Tonzino and the duchess had one thing in common, they were both sticklers, you know, detail-oriented people, baaah! What a drag! I hate sticklers! Is there anything less appealing than inflexibility? Is nature inflexible? Of course not! Nature is an acrobat! It adjusts, it bends, it accommodates--but not these two! He was always fussing over every line, every brush stroke, every speck of color, and she was nagging about everything, everyone, the entire city of Florence, because, you understand, it was not grand enough for her, daughter of the King of Naples, no! Too cramped! No decent palaces, where's the pomp, supposedly she spat at the sight of her bed, too simple, not enough silk, was she expected to sleep in that?! Sticklers, I tell you. I still get agitated at the thought.

But where was I? The court yes. Tonzino's first audience, his big day, and what did he do? He showed up in tatters, late, sniffling, with the posture of an empty potato sack and generally looking like a degenerate, and doing nothing to correct that impression. Here he was, a fluke of destiny, somehow lifted to to the top of this illustrious craft he had crashed, like revelers a party, presenting his crude and repellent form, and now a duchess, perhaps the greatest in our time, deigned to speak to him, and he gawked--the insolent! Well, I assure you, Eleanor was appalled, the entire court was appalled, the way his tiny rat eyes gnawed at her. She snapped open her fan, RATATATAT, loud like a drawbridge coming down. It is a habit with her, this violent rattling open and shut of fans, and this as well as a great many other things, she always does at an excessive volume, like snapping her fingers, or even just simply talking.

The duchess, I remember, had the voice of an icepick come to life.

Cold, austere like a church in winter, but in private she was rumored to despise austerity, in private she was said to be as cheerful as a soap bubble, yes, and why blame her? She was practically a child, seventeen at most, a rich, spoiled child, and shrewd! A sharp cookie! She had a mind of her own that one, and she was going to put her stamp on this competition, she was going to invite who she liked, especially misfits like my brother. Even though no one in Florence would touch him with a flag pole, she ordered him to court, and from there things went--who would have guessed--splendidly! Not immediately,  you understand, she was seething at first, her eyes small and angry, cosi, they flashed like swords in battle, zack! zack! and of course we thought: she's going to kick him out.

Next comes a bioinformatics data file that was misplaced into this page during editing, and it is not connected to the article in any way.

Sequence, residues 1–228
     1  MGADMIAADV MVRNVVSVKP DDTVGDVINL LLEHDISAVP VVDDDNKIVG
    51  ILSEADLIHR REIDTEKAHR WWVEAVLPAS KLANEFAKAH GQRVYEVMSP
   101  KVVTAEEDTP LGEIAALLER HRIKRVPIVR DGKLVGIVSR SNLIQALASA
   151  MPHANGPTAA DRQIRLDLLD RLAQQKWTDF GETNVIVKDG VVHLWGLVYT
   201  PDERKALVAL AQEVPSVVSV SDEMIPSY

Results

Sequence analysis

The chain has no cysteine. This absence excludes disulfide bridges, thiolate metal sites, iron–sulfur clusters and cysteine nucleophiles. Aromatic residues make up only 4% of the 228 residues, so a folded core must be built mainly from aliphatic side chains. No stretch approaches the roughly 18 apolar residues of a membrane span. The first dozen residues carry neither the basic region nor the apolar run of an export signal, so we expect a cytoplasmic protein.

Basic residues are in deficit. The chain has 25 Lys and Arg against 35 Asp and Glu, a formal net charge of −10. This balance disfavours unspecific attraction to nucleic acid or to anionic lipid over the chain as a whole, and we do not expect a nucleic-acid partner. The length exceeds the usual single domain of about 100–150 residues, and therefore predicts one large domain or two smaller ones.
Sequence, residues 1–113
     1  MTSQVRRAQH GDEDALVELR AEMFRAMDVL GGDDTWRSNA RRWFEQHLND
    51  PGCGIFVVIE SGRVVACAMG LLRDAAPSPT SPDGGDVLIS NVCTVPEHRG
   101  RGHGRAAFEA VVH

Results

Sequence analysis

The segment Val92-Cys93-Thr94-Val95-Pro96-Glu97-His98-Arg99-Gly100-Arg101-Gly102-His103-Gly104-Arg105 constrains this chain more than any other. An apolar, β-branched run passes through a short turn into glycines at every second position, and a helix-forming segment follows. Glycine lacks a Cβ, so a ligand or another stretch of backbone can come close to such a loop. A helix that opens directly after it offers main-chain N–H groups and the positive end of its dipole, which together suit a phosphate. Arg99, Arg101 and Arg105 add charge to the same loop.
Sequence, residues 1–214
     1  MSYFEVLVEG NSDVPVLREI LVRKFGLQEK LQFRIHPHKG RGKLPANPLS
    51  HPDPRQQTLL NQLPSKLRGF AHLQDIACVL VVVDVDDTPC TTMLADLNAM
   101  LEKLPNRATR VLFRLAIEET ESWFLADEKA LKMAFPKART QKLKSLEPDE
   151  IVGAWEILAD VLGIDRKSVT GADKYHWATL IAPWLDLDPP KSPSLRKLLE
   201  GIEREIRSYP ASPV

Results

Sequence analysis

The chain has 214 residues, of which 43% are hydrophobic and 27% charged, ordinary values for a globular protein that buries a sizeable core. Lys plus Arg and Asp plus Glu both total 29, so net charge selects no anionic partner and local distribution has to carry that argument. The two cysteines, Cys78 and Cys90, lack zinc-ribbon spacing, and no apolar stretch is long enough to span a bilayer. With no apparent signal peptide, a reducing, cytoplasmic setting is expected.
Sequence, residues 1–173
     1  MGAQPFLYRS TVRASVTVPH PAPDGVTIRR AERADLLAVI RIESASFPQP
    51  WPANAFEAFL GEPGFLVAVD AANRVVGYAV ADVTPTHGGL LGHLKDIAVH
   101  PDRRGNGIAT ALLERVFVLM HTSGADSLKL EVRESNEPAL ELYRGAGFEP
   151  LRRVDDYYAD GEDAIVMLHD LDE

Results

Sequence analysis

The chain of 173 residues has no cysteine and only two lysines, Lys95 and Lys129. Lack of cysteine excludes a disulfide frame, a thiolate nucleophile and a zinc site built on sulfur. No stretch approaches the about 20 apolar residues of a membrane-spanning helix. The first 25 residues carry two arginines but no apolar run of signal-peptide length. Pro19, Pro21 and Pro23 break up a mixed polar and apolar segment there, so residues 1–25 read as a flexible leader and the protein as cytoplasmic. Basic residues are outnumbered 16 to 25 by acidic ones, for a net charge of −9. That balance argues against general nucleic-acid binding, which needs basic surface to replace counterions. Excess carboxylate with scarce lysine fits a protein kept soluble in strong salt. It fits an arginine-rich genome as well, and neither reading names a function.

And anyway, Tonzino had a knack for getting kicked out.

What do you mean, you had no idea? Yes, twelve years old, he got kicked out from home, because, listen to this: he didn't want to be a butcher! That's exactly what he said, I am not a butcher, said it straight to father's face. Imagine! Twelve years old, blankly refused! Fancied himself a painter! So father put him on a diet. You don't like meat, no meat then! Bread and water. Like a convent. He was a practical man, our father, quiet, efficient, sometimes brutal. A side effect of his job I think. All the slaughtering, all the blood spilling, what do you want, it skews your perspective. But Tonzino, half-starved, stubbornly refused. When he was magro, magro like this, look, like this shriveled leg of mine, my mother tried to reason, to negotiate. Who, she asked, was going to take over the family business if not him, the elder? Eh? Had he thought about that? Tonzino indeed had thought about that. Weak and pale, he lifted a finger and pointed at me. My mother, may she rest in peace, was a lousy negotiator, frankly, it's a good thing I didn't take after her. In any case, Tonzino was sent away, dispatched to the countryside, and next thing we heard was, he'd been kicked out of Florence, and then years went by, no news, he disappeared, swallowed by the earth. And I'm not ashamed to say it, this suited me fine. I cheerfully forgot I ever had a brother.